BDNF expression in the hippocampus of maternally separated rats: Does Bifidobacterium breve 6330 alter BDNF levels?

E. O'Sullivan, E. Barrett, S. Grenham, P. Fitzgerald, C. Stanton, R. P. Ross, E. M.M. Quigley, J. F. Cryan, T. G. Dinan

Research output: Contribution to journalArticlepeer-review

78 Scopus citations


Brain-derived neurotrophic factor (BDNF) is of interest because of its putative role in stress and psychiatric disorders. Maternal separation is used as an animal model of early-life stress and of irritable bowel syndrome (IBS). Animals exposed to the paradigm show altered gut function together with heightened levels of arousal and corticosterone. Some probiotic organisms have been shown to be of benefit in IBS and influence the brain-gut axis. Our objective was to investigate the effects of maternal separation on BDNF under basal conditions and in response to the probiotic Bifidobacterium breve 6330. The study implemented the maternal separation model which we have previously described. Polymerase chain reaction and in situ hybridisation were performed to measure the effect of maternal separation on both BDNF total variants and BDNF splice variant (exon) IV in the hippocampus. Maternally separated and non-separated rats were treated with B. breve 6330, to investigate the effect of this probiotic on BDNF total variant and BDNF exon IV expression. Maternal separation increased BDNF total variants (P<0.01), whilst having no effect on BDNF exon IV. B. breve 6330 increased BDNF total variants (P<0.01), and decreased BDNF splice variant IV, in non-separated rats (P<0.01). B. breve 6330 did not alter BDNF levels in the maternally separated rats. Maternal separation caused a marked increase in BDNF in the hippocampus. While B. breve 6330 influenced BDNF in normal animals, it had no significant effect on BDNF in those which were maternally separated. We have demonstrated that an orally administered probiotic can influence hippocampal BDNF.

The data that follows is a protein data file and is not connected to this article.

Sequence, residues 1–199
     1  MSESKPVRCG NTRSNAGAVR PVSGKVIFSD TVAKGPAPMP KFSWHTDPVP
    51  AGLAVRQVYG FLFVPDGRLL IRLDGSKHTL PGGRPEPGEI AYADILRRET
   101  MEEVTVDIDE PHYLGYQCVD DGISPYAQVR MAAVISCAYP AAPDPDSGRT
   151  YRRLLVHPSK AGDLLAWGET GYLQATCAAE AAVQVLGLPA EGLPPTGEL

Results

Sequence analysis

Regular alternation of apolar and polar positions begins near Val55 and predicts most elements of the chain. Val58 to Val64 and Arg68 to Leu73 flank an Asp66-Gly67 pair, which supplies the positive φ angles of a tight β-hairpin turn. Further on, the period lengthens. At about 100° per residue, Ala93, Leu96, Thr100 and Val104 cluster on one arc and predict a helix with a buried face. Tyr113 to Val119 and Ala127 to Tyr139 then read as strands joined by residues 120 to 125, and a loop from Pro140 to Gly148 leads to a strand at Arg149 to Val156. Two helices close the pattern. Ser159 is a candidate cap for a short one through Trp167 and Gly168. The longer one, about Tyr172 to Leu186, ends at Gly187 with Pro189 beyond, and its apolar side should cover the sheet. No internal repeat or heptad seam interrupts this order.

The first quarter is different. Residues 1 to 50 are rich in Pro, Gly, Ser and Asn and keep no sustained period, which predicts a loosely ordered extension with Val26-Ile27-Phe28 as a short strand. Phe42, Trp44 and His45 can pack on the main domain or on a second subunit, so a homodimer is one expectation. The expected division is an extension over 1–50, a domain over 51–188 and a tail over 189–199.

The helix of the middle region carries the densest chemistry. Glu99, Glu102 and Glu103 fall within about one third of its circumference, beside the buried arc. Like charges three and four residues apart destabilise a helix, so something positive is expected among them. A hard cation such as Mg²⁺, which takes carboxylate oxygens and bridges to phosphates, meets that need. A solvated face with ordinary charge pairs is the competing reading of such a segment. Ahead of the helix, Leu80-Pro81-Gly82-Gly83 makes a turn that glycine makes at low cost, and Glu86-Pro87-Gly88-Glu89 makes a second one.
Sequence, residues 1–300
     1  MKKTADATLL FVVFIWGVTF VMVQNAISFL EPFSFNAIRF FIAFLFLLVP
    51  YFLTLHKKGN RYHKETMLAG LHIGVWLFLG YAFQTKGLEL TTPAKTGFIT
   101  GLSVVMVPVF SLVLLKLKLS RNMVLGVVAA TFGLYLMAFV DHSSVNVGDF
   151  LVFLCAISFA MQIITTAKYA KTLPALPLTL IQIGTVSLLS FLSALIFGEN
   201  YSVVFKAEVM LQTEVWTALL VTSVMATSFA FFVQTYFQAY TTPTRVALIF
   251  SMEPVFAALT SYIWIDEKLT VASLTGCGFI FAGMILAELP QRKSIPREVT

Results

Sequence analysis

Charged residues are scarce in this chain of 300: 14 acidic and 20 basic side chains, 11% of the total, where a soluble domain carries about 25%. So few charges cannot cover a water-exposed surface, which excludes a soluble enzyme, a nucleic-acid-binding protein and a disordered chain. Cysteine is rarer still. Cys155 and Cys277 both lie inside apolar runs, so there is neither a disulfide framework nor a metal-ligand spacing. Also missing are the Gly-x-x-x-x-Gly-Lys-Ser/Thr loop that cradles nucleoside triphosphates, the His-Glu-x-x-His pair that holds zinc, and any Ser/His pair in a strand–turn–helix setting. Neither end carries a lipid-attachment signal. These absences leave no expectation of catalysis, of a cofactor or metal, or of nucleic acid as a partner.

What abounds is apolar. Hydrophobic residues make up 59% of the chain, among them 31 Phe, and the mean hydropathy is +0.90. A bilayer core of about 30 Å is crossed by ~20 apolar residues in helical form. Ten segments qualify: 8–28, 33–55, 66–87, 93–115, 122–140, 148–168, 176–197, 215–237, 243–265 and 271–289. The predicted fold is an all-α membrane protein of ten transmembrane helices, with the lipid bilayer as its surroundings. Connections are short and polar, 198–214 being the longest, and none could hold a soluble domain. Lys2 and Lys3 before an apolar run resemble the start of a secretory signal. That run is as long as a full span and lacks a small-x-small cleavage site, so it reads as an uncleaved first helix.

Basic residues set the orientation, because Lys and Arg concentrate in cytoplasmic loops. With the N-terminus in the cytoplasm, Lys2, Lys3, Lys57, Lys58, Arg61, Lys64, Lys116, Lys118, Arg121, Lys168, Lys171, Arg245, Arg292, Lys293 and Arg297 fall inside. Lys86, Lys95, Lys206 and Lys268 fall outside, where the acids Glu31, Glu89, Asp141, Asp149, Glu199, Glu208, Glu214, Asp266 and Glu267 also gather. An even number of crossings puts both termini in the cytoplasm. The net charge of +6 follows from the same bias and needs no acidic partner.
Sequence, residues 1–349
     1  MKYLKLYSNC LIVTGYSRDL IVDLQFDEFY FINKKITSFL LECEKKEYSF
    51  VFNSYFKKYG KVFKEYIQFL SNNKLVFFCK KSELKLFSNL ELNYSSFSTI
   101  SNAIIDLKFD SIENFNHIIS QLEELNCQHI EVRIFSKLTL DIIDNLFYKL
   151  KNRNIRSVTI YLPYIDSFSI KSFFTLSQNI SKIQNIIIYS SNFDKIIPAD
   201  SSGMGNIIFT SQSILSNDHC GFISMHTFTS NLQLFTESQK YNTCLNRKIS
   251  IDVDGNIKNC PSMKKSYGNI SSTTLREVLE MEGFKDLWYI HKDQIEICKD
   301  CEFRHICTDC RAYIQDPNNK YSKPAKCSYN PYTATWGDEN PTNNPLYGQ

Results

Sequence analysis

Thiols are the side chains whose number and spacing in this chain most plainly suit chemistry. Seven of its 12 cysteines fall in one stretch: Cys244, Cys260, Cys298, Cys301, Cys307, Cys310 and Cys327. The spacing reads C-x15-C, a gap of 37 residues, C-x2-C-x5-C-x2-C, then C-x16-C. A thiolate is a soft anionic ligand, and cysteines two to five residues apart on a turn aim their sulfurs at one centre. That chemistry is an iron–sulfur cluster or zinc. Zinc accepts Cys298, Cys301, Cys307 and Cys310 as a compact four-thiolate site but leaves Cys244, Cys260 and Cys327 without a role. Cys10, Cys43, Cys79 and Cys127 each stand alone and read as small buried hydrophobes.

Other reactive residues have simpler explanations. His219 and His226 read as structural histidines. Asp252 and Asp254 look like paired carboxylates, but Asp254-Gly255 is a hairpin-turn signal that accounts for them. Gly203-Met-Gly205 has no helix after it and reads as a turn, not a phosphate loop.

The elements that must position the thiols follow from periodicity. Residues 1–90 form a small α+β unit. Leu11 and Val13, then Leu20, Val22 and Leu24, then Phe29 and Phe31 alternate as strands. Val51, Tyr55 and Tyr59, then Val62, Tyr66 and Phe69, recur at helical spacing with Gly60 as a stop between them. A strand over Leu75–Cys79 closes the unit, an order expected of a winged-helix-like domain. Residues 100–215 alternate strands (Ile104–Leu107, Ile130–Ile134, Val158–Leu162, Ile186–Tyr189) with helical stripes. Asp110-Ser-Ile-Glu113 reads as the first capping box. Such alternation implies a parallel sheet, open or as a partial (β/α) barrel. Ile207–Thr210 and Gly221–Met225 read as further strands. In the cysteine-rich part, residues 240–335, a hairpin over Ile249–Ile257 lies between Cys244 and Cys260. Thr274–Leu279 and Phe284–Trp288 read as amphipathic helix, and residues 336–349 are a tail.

Original languageEnglish (US)
Pages (from-to)199-207
Number of pages9
JournalBeneficial Microbes
Issue number3
StatePublished - Sep 2011


  • Brain-derived neurotrophic factor
  • Brain-gut axis
  • Irritable bowel syndrome
  • Neurotrophin
  • Probiotic

ASJC Scopus subject areas

  • Microbiology (medical)
  • Microbiology


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